21 May 2024

Tech Talk: Micro and Mini LEDs – advancing energy efficiency and decreasing power consumption

The LED display industry is transitioning from small pitches to micro pitches and panels. The advent of Mini/Micro LED technology has facilitated LED displays’ penetration into the consumer market. Meanwhile, as China advances its carbon peaking and carbon neutrality goals, LED displays, recognised for their significantly lower electricity consumption, are attracting increasing scrutiny. LED display panels, renowned for their exceptional brightness, seamless splicing, and durability, are extensively utilised in control rooms, exhibitions, high-end commercial displays, and other settings. As LED technology surpasses LCD in popularity, consumers are increasingly prioritising the power consumption of LED displays. By harnessing the potential of Mini/Micro LED technology and pioneering energy-conserving strategies, significant reductions in power consumption can be achieved. What are the key factors influencing the power consumption of Mini/Micro LED technology? Let’s delve further into this topic.

1.              Mini/Micro LED with Flip-Chip Technology

Flip-chip LED displays boast a simpler structure, smaller footprint, enhanced luminous efficiency, and superior heat dissipation when compared to conventional face-up LED displays. Unimpeded by wire connections, flip-chip LED chips emit light from all five sides, resulting in enhanced luminous efficiency. Additionally, flip-chip LED displays consume less energy than traditional LED counterparts at comparable brightness levels.

In addition to energy conservation, the compact chip size of flip-chip LED displays also delivers exceptional contrast ratio and stability. With only six solder joints, flip-chip LEDs outperform face-up chips, typically equipped with 10 solder joints, representing a 40% reduction in solder joints. Furthermore, the closer solder joint spacing in face-up chips increases the risk of metal migration and chip failure, making them less stable when compared to the flip-chip solution.

2.              Surface Encapsulation Layer

The emergence of Mini/Micro LED technology has facilitated the modularisation of small pixel pitch displays. These displays are equipped with a protective surface layer, and the material selected for this coating significantly impacts power consumption. Essentially, a surface layer with higher transmittance results in less luminescence loss from the LED chip, leading to reduced power consumption under identical settings. However, achieving optimal transmittance poses a challenge in achieving superior contrast ratio. Darkening the surface to enhance the contrast ratio may diminish transmittance, thereby impacting power consumption. Therefore, it is crucial to strike a balance between transmittance and contrast ratio. Certain methods leverage bottom-fill technology to preserve black uniformity and a high contrast ratio. Additionally, they incorporate a transparent encapsulation layer to achieve low power consumption without compromising on contrast ratio. However, maintaining black uniformity can be a challenging task. Mini/Micro LEDs utilise black polymer material coatings and composite encapsulant to reduce power consumption, while still guaranteeing black uniformity and high contrast ratio.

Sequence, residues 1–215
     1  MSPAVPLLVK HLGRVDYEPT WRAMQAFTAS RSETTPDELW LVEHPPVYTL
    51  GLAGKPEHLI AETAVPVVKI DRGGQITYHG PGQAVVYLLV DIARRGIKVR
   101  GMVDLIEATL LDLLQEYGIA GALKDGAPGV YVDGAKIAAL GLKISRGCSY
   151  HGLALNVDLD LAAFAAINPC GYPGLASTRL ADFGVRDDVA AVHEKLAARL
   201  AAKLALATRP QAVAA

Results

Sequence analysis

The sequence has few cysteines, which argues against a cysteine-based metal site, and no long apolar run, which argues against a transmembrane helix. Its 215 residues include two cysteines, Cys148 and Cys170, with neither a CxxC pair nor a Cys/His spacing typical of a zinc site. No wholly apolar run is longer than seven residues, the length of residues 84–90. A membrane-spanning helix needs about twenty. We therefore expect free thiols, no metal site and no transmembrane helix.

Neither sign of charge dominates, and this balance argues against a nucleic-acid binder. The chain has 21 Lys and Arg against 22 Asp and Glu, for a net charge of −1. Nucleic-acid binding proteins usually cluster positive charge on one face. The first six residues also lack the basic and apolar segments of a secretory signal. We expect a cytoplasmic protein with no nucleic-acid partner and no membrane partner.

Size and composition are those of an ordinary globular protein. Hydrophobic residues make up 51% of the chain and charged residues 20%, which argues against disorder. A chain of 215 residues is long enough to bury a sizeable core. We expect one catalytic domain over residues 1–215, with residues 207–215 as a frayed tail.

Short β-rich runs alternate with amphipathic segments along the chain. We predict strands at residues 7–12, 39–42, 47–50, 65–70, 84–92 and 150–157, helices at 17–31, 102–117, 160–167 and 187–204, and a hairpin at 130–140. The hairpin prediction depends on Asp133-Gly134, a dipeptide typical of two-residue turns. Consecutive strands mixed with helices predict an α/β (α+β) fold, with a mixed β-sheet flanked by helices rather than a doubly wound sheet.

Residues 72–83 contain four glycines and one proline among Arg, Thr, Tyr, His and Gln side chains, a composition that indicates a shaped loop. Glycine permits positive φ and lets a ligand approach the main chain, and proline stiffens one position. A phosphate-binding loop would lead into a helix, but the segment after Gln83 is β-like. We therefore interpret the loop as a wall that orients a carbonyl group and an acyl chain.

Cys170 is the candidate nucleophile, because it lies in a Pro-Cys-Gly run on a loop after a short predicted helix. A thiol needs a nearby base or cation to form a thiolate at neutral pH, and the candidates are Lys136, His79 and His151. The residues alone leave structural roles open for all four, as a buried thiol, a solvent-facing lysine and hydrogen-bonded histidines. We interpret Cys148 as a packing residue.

3.              Common Cathode Technology

The common anode technology involves connecting the positive terminal of an LED diode and driving it with the negative terminal. In contrast, the common cathode technology connects the negative terminal of the LED diode and drives it with the positive terminal. An LED pixel consists of red, green, and blue chips with separate supply voltage (3.8V for the blue and green LEDs, 2.8V for the red LED). In conventional solutions, external resistors are commonly incorporated on the driving end of the red LED to regulate the voltage and ensure unified power voltage, with any surplus power dissipated as heat. While the common cathode technology separates and precisely powers the red, green, and blue chips based on actual needs. This approach effectively diminishes energy consumption and minimises heat generation by the screen. Based on available data, LED displays employing common cathode technology can reduce energy consumption by 10% to 20% compared to conventional products operating under similar conditions. The driver IC and power supply in common cathode mode differ from those in regular products, which limits the available choices. Collaboration within the industry is critical for the widespread acceptance of this technology. Additionally, addressing patent concerns associated with the technology is equally important.